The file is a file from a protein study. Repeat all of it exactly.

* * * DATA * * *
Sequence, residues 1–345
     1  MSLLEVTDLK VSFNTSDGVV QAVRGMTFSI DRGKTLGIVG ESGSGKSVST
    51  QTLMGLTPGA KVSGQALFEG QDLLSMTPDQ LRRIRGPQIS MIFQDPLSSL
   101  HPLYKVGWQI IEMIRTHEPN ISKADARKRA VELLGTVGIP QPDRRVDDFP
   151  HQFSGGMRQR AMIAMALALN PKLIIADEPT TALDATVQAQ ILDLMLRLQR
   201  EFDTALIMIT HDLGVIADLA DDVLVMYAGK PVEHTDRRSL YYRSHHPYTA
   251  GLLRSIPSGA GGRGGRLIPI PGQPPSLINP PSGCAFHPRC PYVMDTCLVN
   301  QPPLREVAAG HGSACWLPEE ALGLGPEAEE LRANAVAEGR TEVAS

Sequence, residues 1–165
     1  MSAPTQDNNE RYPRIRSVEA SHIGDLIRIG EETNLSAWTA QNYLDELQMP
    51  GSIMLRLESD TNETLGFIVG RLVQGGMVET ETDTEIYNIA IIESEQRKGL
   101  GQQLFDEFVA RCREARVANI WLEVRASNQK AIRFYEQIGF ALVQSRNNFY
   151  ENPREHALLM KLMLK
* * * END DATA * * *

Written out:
Sequence, residues 1–345
     1  MSLLEVTDLK VSFNTSDGVV QAVRGMTFSI DRGKTLGIVG ESGSGKSVST
    51  QTLMGLTPGA KVSGQALFEG QDLLSMTPDQ LRRIRGPQIS MIFQDPLSSL
   101  HPLYKVGWQI IEMIRTHEPN ISKADARKRA VELLGTVGIP QPDRRVDDFP
   151  HQFSGGMRQR AMIAMALALN PKLIIADEPT TALDATVQAQ ILDLMLRLQR
   201  EFDTALIMIT HDLGVIADLA DDVLVMYAGK PVEHTDRRSL YYRSHHPYTA
   251  GLLRSIPSGA GGRGGRLIPI PGQPPSLINP PSGCAFHPRC PYVMDTCLVN
   301  QPPLREVAAG HGSACWLPEE ALGLGPEAEE LRANAVAEGR TEVAS

Sequence, residues 1–165
     1  MSAPTQDNNE RYPRIRSVEA SHIGDLIRIG EETNLSAWTA QNYLDELQMP
    51  GSIMLRLESD TNETLGFIVG RLVQGGMVET ETDTEIYNIA IIESEQRKGL
   101  GQQLFDEFVA RCREARVANI WLEVRASNQK AIRFYEQIGF ALVQSRNNFY
   151  ENPREHALLM KLMLK